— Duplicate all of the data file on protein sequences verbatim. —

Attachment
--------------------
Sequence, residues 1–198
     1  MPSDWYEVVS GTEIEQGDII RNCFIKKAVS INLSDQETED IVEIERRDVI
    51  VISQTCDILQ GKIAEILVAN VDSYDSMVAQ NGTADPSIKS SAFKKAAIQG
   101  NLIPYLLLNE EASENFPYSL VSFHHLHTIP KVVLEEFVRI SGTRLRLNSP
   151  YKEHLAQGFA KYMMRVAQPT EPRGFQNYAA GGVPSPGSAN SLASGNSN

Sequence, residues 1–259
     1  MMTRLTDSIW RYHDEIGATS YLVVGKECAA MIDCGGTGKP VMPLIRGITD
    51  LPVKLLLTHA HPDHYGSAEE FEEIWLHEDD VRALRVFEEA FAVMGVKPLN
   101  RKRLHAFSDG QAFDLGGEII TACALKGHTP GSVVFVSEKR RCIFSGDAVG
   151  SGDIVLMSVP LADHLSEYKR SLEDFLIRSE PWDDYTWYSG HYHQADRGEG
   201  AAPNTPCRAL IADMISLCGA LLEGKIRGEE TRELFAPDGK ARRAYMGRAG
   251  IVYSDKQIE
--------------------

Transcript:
Sequence, residues 1–198
     1  MPSDWYEVVS GTEIEQGDII RNCFIKKAVS INLSDQETED IVEIERRDVI
    51  VISQTCDILQ GKIAEILVAN VDSYDSMVAQ NGTADPSIKS SAFKKAAIQG
   101  NLIPYLLLNE EASENFPYSL VSFHHLHTIP KVVLEEFVRI SGTRLRLNSP
   151  YKEHLAQGFA KYMMRVAQPT EPRGFQNYAA GGVPSPGSAN SLASGNSN

Sequence, residues 1–259
     1  MMTRLTDSIW RYHDEIGATS YLVVGKECAA MIDCGGTGKP VMPLIRGITD
    51  LPVKLLLTHA HPDHYGSAEE FEEIWLHEDD VRALRVFEEA FAVMGVKPLN
   101  RKRLHAFSDG QAFDLGGEII TACALKGHTP GSVVFVSEKR RCIFSGDAVG
   151  SGDIVLMSVP LADHLSEYKR SLEDFLIRSE PWDDYTWYSG HYHQADRGEG
   201  AAPNTPCRAL IADMISLCGA LLEGKIRGEE TRELFAPDGK ARRAYMGRAG
   251  IVYSDKQIE